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Two VERY important reasons not to use anti-inflammatory (NSAIDS) drugs when you have a tendon injury

Updated: Jun 2, 2022

OK, so in recent years it’s become apparent that tendons with ongoing tendinopathies don’t have inflammation in them. As a result researchers and clinicians have argued that None Steroidal Anti-Inflammatory Drugs or NSAIDS (like ibuprofen) are not useful as treatment for tendon pain. But what has not been highlighted enough is the detrimental effect that NSAIDS can have on acute tendon injury recovery as well as collagen formation in response to exercise.

I've also discussed it in this video:

NSAIDS interfere with the healing response of acute tendon injuries

While inflammation does not seem to play a role in ongoing tendinopathies, some of the more acute tendon injuries do have an inflammatory response. It’s important to understand that “acute” in this context does not refer to how painful the injury is, but rather to the nature of the injury. An example of an acute tendon injury is a strain or a tear that you’ve sustained in the last 3 to 5 days – it’s a very recent injury. Inflammation is a key part of the healing process during the first few days after sustaining an acute tendon injury.

Alarming fact about NSAIDS: What the research is showing is that, for acute tendon injuries, you can suppress your tendon’s ability to heal if you use these drugs within the first few days of the healing process when the inflammation is meant to do its job.

Consult a physio online for an assessment of your Achilles injury and a tailored treatment plan. Follow the link to learn more.

NSAIDS suppress the formation of new collagen fibres in response to exercise

Why am I bothered about this? Well, the research is clearly showing that the best treatment for ongoing tendon pain (like Achilles tendinopathy) is to follow a slow progressive rehab programme. The aim of this programme is to strengthen the tendon through heavy resistance training.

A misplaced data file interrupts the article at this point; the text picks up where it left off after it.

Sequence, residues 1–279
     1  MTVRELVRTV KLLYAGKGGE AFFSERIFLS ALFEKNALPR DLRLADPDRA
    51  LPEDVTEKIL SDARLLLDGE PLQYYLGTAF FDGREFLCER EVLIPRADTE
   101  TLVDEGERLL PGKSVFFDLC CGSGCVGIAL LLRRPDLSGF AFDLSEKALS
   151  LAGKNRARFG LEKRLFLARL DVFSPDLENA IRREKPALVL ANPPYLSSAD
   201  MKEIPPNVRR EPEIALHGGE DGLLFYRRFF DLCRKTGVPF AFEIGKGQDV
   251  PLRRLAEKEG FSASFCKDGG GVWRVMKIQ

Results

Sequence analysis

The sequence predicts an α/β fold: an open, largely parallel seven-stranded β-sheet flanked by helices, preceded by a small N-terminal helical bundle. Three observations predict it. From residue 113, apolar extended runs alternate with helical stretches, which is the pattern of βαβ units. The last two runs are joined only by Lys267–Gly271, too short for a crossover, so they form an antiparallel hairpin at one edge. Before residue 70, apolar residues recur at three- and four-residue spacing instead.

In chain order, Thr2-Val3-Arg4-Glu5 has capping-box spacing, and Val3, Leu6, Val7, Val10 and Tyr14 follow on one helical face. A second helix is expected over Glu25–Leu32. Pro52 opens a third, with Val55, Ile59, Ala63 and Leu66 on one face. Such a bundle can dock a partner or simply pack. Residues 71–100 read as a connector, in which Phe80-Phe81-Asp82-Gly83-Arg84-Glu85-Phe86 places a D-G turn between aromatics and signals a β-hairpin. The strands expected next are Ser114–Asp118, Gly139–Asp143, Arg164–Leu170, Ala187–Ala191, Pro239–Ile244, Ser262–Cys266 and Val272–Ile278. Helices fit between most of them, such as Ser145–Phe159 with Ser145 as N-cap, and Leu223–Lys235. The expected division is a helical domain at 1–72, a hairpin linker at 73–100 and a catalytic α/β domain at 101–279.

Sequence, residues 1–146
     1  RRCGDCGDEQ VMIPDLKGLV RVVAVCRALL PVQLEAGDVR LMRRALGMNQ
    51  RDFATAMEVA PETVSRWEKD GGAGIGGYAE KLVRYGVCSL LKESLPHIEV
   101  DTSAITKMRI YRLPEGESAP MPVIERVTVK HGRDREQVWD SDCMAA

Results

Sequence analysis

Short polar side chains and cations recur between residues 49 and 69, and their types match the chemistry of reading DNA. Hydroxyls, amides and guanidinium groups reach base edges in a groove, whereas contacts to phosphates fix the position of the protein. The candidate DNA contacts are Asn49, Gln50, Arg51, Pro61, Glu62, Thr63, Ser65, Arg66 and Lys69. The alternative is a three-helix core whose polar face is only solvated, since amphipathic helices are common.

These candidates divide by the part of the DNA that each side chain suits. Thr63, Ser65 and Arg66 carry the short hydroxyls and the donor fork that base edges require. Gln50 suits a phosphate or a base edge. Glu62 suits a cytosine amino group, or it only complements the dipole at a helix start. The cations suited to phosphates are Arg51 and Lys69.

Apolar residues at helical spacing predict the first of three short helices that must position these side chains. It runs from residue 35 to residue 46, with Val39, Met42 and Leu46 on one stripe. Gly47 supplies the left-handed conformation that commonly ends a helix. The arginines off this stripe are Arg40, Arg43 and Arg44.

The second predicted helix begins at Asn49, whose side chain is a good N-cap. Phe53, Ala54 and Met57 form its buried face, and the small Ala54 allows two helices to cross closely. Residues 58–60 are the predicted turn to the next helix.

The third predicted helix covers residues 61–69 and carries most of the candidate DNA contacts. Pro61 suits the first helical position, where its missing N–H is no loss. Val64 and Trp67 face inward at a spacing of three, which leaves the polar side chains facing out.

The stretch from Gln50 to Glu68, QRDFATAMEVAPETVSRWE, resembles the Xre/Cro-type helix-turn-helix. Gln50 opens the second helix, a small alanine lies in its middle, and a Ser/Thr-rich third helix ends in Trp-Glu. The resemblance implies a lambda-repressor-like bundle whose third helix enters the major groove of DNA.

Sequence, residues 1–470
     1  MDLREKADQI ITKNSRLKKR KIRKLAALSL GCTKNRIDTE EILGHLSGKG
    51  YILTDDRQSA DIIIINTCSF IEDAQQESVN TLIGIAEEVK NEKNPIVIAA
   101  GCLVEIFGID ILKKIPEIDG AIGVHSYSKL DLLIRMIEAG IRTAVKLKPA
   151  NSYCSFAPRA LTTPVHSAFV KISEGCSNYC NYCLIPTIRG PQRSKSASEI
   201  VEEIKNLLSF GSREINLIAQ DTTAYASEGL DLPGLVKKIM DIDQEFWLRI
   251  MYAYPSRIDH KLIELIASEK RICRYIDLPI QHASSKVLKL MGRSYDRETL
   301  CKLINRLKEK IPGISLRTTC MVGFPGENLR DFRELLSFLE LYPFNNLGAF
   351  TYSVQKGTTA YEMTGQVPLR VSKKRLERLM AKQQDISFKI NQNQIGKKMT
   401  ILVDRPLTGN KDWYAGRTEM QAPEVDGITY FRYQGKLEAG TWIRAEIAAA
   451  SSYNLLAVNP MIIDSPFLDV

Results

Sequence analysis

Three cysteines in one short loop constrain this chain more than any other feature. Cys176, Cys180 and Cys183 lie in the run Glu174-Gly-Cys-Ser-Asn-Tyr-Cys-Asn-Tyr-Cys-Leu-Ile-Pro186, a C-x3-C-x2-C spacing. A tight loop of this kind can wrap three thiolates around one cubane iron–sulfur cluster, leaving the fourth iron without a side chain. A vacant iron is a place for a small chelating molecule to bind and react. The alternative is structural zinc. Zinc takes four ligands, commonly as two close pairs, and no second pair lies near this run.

When we exercise all of our tissue, including tendons, sustain micro-trauma. This is absolutely normal and exactly what we want because the body then repairs this micro-trauma by producing new, stronger tendon fibres. Inflammation plays a very important role in this repair process.

Alarming fact about NSAIDS: When you take anti-inflammatory drugs, your body does not create new collagen fibres in response to exercise. This means that, by taking anti-inflammatory medication at the same time as following your rehab programme, you’re likely not going to see very good results from your rehab!

Let me know if you have any questions. Need more help with your Achilles injury? You’re welcome to consult us online via video call for an assessment of your injury and a tailored treatment plan.

Best wishes


About the Author:

Maryke Louw is a chartered physiotherapist and holds an MSc in Sports Injury Management. You can follow her on LinkedIn, Facebook, Twitter or Instagram.


  1. Christensen, B., et al. (2011). "Effect of anti-inflammatory medication on the running-induced rise in patella tendon collagen synthesis in humans." Journal of Applied Physiology 110(1): 137-141.

  2. Longo, U. G., et al. (2018). "Achilles Tendinopathy." Sports Medicine and Arthroscopy Review 26(1): 16-30.

  3. Magra, M. and N. Maffulli (2006). Nonsteroidal antiinflammatory drugs in tendinopathy: friend or foe, LWW.

  4. Virchenko O, Skoglund B, Aspenberg P. Parecoxib impairs early tendon repair but improves later remodeling. Am J Sports Med. 2004;32:1–5.

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